Bingle said afterward that “it was like I could feel God’s spirit in them coming to me, and I wanted to send it back to them” during the prayer session.
Her brother, Bill Bingle, placed the deacon’s stole -- white with gold-colored crosses – around her neck, after which Houk and Hainz held Bingle’s hands aloft to introduce the first Toledo woman deacon in the Roman Catholic Womenpriest movement.
Bingle, who has a doctorate in ministry from Ecumenical Theological Seminary in Detroit, now has authority to conduct baptisms, funerals and weddings. As a deacon, she cannot celebrate Mass or hear confession.
But she expects to complete her formation program and be ordained a priest next spring, which would give her authority to perform all of the church’s sacraments.
The female priests generally preside at Mass in people’s homes or hold services at sympathetic Protestant churches. Some serve as chaplains at hospitals and nursing homes, or lead spiritual retreats.
Nationwide, more than 90 women have been ordained as female Catholic priests in the movement that began in 2002 with the “Danube Seven” – of which Celeste was a member. The seven women were ordained by a male Roman Catholic bishop on a boat in the Danube River, and the female priests lay claim to legitimate apostolic succession.
They consider themselves to be a renewal movement within the Roman Catholic Church, proclaiming the motto of “a new model of ministry in a renewed church.”
Rev. Beth Marshall, First Unitarian’s parish minister, said her church was glad to host the ceremony because Unitarians support all those who feel God’s calling and are qualified.
Before the ceremony, Houk said it is “the right thing, the just thing, that we are moving forward.” She said women are leading the Roman Catholic Church, not leaving it.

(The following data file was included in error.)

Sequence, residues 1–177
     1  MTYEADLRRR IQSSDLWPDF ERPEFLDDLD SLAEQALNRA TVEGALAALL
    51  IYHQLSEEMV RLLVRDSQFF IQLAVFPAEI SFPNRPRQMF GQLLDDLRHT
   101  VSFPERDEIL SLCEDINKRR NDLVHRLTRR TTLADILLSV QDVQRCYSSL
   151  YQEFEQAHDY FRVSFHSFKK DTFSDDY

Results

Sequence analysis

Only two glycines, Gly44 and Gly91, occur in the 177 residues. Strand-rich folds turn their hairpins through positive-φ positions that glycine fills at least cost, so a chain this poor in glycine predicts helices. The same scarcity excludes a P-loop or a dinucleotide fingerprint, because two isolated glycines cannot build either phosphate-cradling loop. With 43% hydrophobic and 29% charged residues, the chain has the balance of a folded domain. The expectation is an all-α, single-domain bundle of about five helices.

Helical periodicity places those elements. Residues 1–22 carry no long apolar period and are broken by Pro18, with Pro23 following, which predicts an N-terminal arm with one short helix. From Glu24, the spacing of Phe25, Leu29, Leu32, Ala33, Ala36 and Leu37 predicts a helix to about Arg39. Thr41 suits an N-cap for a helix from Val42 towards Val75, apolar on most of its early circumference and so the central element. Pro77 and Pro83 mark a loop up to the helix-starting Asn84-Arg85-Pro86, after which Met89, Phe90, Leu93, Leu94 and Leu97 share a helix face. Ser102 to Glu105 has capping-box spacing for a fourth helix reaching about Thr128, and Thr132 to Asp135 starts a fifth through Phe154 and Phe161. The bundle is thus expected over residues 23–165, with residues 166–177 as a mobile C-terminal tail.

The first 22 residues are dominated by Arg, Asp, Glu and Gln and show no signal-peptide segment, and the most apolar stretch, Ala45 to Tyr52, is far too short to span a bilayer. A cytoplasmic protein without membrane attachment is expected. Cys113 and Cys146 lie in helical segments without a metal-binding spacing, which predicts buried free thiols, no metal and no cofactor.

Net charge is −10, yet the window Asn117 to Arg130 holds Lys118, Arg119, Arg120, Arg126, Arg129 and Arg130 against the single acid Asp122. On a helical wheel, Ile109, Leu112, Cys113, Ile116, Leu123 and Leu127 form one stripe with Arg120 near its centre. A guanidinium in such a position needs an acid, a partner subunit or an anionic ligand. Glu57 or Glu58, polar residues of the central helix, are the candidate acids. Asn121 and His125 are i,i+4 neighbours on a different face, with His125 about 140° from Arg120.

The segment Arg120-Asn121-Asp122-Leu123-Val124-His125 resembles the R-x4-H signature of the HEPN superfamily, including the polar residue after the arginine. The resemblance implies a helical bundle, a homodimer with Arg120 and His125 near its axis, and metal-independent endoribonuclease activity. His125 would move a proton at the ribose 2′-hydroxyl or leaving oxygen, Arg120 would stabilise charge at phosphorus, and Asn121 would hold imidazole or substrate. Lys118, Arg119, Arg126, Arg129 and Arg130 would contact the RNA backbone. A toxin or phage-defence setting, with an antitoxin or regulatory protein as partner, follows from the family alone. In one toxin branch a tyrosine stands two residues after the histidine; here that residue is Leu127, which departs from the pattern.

Celeste, speaking afterward, said she never considered becoming a priest until after her 1995 divorce from former Ohio Gov. Dick Celeste, who was governor from 1983-1991.
Being single allowed her time to pray and discern, she said. Had she remained married, she would have been too busy supporting her husband’s political career. While living in Columbus, she said, she earned a master’s degree in theology as “personal entertainment” to get away from politics.
After several trips to her native Austria, during which she chanced to meet with women involved in the womenpriest movement, she was invited to join them in pursuing ordination.
Skeptical at first, she said she eventually felt herself say yes and was one of the first seven women ordained by a male Catholic bishop aboard a boat in the Danube River on June 29, 2002.
Celeste, now 70 and living in Lakewood, Ohio, said she was surprised when the women priests were excommunicated by a Vatican conclave of 13 cardinals.
“We were just seven little old ladies on a boat in the Danube that nobody cared about -- until we were excommunicated by the Vatican at the highest level,” she said. “After that, it became a story.”
Asked why she chose to stay in the Roman Catholic Church rather than leave for a denomination that allows women priests, Celeste replied: “For the same reason I didn’t leave America when Nixon was president: It’s my home!”
She said it is more effective to work within the system, something she learned from the political world.